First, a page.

Most of the wheat bulb fly egg hatch sprays were applied on my winter cereals last week.  It is interesting to note that at Dow Agroscience’s pest watch north Lincs site, egg hatch was at 50% last week.  This means that crops still being drilled into fields at risk should have a wheat bulb fly seed treatment.

I am seeing fresh slug damage on cereals and at the moment I am not advising pellets. However, this could soon change as temperatures rise particularly if the plant populations are low.  When we get drilling spring cereals we must make sure the slug population is closely monitored and appropriate action taken

Seed-bed hygiene is again a must this spring. We must not miss any opportunities to remove weeds with glyphosate pre drilling.

The winter cereals on light land are showing manganese deficiency.  This is showing up worse than previous years as most crops never received an autumn treatment.  Treatment now is a priority.  If the opportunity arises rolling such crops will be beneficial. 

The recent N-min results have showed just what we expected in most cases.  The soil nitrogen supply this year is generally going to be lower than we have seen for a while, which ties in nicely with the excess winter figures that ADAS have just published. Have a word with your FACTS advisor to discuss the practical implications for your nitrogen planning.

 

Autumn residual herbicides have generally done a good job in the cereal crops this year.  This is due to a combination of late drilling and enough rainfall to activate the chemistry.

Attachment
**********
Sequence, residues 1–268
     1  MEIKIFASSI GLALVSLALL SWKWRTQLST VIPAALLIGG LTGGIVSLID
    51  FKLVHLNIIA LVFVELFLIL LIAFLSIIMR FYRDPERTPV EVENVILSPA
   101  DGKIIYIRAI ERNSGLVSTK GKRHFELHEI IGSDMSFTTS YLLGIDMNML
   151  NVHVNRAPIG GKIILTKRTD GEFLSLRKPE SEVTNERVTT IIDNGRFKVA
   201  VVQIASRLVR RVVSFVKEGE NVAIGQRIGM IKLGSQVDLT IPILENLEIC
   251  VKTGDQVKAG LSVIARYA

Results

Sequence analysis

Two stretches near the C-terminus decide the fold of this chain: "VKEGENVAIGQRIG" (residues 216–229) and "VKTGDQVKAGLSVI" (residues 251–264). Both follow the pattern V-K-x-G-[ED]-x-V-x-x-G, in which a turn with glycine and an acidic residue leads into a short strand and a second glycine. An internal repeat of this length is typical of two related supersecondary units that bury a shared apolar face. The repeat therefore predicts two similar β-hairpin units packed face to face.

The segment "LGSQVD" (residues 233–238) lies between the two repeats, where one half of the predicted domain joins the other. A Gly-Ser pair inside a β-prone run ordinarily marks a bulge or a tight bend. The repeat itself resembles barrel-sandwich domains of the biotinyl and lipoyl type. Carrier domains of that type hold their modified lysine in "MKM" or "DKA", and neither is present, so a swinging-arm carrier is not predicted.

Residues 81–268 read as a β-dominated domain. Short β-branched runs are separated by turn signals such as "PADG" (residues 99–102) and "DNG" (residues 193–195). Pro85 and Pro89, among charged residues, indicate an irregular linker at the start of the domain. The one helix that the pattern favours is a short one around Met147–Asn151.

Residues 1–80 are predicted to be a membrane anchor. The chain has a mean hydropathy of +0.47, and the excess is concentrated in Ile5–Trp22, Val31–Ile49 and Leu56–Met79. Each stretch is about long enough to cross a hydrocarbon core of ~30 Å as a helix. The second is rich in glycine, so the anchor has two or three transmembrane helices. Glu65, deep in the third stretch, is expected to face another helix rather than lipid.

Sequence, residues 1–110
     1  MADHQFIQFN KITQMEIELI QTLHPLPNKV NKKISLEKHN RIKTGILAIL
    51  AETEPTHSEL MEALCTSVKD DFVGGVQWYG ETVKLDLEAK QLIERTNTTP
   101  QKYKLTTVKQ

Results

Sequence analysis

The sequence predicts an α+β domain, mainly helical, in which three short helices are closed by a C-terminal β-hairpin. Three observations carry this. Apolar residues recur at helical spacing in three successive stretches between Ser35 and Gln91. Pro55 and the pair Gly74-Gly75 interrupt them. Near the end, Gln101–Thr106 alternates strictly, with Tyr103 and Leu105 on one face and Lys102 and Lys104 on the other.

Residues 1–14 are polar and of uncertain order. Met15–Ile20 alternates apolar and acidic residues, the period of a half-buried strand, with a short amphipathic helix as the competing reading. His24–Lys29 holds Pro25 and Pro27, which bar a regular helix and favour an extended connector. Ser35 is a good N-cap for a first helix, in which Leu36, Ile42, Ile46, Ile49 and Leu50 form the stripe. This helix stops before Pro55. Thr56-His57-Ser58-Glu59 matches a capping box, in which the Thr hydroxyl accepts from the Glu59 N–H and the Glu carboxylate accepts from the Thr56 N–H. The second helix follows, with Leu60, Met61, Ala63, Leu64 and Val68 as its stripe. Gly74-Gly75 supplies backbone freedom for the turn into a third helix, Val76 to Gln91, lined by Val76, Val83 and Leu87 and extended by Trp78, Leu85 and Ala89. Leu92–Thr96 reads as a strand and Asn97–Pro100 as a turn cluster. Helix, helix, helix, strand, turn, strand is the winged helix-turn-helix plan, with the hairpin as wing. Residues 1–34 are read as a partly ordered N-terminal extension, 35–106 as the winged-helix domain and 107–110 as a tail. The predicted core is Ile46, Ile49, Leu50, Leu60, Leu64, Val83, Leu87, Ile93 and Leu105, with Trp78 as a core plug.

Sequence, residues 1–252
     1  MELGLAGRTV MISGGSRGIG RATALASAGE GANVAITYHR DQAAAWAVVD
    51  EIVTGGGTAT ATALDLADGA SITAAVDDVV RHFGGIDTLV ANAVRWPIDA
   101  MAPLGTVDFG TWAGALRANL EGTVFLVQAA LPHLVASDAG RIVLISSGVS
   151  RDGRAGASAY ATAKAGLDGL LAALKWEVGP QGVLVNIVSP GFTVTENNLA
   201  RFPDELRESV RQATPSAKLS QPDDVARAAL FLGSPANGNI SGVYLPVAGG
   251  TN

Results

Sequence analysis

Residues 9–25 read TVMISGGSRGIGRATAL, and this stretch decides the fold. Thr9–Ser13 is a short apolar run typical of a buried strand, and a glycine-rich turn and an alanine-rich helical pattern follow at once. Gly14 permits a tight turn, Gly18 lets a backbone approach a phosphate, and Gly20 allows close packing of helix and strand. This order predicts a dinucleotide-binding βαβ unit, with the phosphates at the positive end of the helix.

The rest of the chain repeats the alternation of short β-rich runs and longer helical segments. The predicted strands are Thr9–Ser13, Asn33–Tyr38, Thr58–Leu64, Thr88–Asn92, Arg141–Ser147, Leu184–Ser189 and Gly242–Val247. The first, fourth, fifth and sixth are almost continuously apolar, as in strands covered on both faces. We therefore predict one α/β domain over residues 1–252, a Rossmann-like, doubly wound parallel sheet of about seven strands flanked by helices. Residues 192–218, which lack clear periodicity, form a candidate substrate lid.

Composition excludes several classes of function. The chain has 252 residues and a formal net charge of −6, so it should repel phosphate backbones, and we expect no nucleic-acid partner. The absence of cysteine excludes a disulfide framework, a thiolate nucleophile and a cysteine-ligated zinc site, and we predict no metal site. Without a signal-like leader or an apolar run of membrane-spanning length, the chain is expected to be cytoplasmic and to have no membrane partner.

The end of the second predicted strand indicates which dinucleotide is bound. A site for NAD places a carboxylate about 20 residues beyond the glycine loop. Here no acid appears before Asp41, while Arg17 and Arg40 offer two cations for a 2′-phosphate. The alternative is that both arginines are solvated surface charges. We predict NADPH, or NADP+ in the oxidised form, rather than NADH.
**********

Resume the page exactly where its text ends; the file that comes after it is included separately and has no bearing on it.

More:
The crops that have yet to receive a herbicide are going to be challenging, particularly where there is iodosulfuron-mesosulfuron resistant issues.  If the growth stage of the crop allows prosulfocarb can be a useful mixer product, and if we are past GS21 clodinafop could be added to the mix.  Always check that you have manufacturer backing for your mix and the crop is robust enough. 

 

If you have blackgrass in your winter barley we have very few products with contact activity.  I have found that pinoxaden will work in cooler conditions.  Such products need applying while the weeds are small.

 

Oilseed rape crops are generally very small with most having a GAI of less than 0.5, so again nutrition is key, and keep an eye on phoma.  Apply a fungicide if the crop is at threshold. 

 

Smaller crops are far more at risk than the large crops we have had the last few springs.  There is an opportunity to apply a trace element including phosphite at the same time.